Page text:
She Walks in Beauty Themes

The main themes in “She Walks in Beauty” are the experience of beauty, mind and body, and harmony and contrast.

  • The experience of beauty: The poem conveys the experience of encountering sublime beauty in another person.
  • Mind and body: The traditional boundary between mind and body is blurred in the poem’s depiction of its subject.
  • Harmony and contrast: The contrast between darkness and light is shown to be a source of great harmony.


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Last Updated on June 16, 2021, by eNotes Editorial. Word Count: 850

The Experience of Beauty

The focus of the poem is the beauty of the eponymous, unnamed subject, whom the speaker frames in sublime terms. Using metaphor, Byron creates a portrait that is both rooted in the physical details of the subject and celestial and otherworldly in tone.

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So powerful is the speaker’s encounter with the subject’s beauty that his description of her almost immediately vaults from the earth to the heavens. The first verb in the first line of the poem is “walks,” evoking a grounded image of the subject, but the speaker quickly introduces a simile to compare her to “the night / Of cloudless climes and starry skies.” This leaping transition is as imaginative as it is descriptive. While the metaphor allows the speaker to use the elements of the nocturnal scene to further render his portrait, it also conveys his own experience of confronting the sublime. That is, it dramatizes the ascendent emotions he feels as he experiences the beauty of the subject. Such is the speaker’s admiration that he compares the “gaudy” light of day unfavorably to the subject’s “tender light.” It is telling that the speaker uses metaphors drawn from nature, the classic locus of sublime inspiration, to express his praise of the subject.

Part of the speaker’s sublime reaction to the subject is his sense that he is beholding perfection. As he remarks in the second stanza, “One shade the more, one ray the less, / Had half impaired her nameless grace.” Developing the motif of darkness and light, the speaker claims that the subject represents an ideal state, a “nameless grace.” As in the first stanza, this claim of perfection is ambiguous, arguably revealing more about the speaker’s experience than about the actual subject herself. Given the speaker’s role as the mediator between the subject and the reader, the poem is chiefly a record of his experience of her beauty, underscoring the dictum that beauty is in the eye of the beholder.

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Mind and Body

In describing the subject of the poem, the speaker implicitly traces a line between her inward character and her outward appearance. This division reflects the concept of mind–body dualism, a longstanding and central facet of Western philosophy which holds that the mental and physical dimensions of reality are fundamentally distinct. Byron’s poem presents a vision of a woman in whom these categories ultimately blur together.

For the most part, the poem attends to the subject’s appearance or “aspect,” as the speaker says in the first stanza. Indeed, the first ten lines are entirely devoted to an approving description of her features. For example, the speaker praises the “nameless grace” that animates her “raven tress[es]” and casts a soft glow upon her face.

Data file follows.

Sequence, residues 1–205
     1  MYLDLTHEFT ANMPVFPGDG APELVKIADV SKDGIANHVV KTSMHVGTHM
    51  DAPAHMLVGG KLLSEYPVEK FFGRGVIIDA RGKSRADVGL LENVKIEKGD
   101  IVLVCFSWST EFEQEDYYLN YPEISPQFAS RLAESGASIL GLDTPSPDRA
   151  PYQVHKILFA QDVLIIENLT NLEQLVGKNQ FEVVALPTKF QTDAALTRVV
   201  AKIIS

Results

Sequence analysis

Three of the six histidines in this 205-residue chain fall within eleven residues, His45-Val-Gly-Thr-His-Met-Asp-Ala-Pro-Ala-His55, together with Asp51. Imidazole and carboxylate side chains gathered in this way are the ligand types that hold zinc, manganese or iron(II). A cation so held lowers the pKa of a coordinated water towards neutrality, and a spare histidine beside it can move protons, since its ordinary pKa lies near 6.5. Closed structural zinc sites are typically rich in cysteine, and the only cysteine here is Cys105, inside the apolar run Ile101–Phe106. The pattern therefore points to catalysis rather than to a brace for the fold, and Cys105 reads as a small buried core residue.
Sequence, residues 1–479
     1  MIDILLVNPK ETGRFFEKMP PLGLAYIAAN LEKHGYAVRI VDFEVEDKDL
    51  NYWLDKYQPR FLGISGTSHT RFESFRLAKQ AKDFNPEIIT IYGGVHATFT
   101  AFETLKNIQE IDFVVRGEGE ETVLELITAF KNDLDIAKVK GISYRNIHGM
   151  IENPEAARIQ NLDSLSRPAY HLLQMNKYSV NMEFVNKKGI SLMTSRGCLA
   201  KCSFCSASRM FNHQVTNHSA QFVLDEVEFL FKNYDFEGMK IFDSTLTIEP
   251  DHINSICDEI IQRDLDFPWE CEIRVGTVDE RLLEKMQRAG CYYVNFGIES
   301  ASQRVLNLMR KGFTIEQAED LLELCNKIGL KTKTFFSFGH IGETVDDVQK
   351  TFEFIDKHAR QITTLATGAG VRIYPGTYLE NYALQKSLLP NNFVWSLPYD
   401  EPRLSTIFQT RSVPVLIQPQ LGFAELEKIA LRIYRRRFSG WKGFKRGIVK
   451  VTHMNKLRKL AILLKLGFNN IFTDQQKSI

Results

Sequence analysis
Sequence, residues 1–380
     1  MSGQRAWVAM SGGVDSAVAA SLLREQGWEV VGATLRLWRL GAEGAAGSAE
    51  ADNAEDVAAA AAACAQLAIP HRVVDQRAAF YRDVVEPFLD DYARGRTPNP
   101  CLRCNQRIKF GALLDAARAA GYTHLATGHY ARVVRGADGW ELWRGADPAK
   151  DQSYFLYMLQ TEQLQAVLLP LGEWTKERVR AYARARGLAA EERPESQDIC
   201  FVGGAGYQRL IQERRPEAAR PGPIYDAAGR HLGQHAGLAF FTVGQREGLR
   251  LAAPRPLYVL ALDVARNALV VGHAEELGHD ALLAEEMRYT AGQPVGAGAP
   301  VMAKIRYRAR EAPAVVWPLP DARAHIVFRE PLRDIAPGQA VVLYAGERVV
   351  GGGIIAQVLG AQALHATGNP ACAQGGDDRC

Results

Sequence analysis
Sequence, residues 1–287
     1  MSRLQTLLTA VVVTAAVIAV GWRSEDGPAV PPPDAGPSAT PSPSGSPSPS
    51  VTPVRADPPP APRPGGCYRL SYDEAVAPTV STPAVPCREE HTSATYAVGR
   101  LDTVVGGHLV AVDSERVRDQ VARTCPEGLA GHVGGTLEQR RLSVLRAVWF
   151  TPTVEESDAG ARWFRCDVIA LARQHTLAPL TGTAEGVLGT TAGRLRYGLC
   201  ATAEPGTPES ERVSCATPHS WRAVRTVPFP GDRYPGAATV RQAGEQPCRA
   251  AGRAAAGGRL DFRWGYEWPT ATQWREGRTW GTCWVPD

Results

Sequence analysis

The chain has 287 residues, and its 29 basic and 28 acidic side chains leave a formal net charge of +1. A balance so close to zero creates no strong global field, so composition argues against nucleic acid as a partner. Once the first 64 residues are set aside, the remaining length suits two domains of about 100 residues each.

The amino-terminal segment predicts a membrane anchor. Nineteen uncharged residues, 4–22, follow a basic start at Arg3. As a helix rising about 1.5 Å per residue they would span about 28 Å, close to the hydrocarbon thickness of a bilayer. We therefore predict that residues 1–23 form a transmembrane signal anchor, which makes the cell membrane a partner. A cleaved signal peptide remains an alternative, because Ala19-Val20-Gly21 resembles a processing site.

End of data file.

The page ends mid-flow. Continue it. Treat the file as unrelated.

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However, the poem introduces a dimension of interiority in the eleventh line, marking a transition from the body to the mind. Here, the subject’s face is described as the place “Where thoughts serenely sweet express / How pure, how dear their dwelling-place.” This description begins to establish a correspondence between the subject’s outward features and her inner thoughts. Just as the subject’s thoughts are “serenely sweet,” the physical locus of those thoughts, her face, is “pure” and “dear.”

This conflation between the physical and mental is taken further in the final stanza. The speaker offers more detailed descriptions of the subject’s face, noting the “smiles that win” and the “tints that glow” on her cheek and brow. These elements “tell of” the subject’s inner state. The “soft,” “calm,” and “eloquent” qualities of these facial features reflect the subject’s “goodness,” her peaceful mind, and her innocent heart. Indeed, this is a poem in which the body becomes a mirror of—or a transparent vessel for—the mind. In Byron’s poetic vision, the traditional line between inner and outer realities, between mind and body, collapses.

Harmony and Contrast

The poem presents the subject in a state of harmony between darkness and light, showing how the balancing of opposites can produce great aesthetic power. Drawing on the metaphor of the “starry” night sky, the speaker suggests that “all that’s best of dark and bright / Meet in her aspect and her eyes.” This contrasting motif of darkness and light might be expected to connote tension or antagonism, but here, there are no such associations. The contrast instead suggests harmony and even felicity, as suggested by the telling use of the verb “meet.” Indeed, only the “best” of these two opposites commingle, further underscoring this connotation of congeniality. The speaker suggests that this is the result of a perfect balance: “One shade the more, one ray the less” would threaten to destabilize the harmonious whole.

The effect produced by this conjoining of opposites is a state that is “mellow,” “tender,” “soft,” and “calm.” These adjectives refer to the subject’s balanced appearance but also to her spirit. Indeed, as the poem progresses, it becomes increasingly clear that her outward harmony is meant to bespeak a powerful interior harmony: a peaceful mind and an innocent heart.

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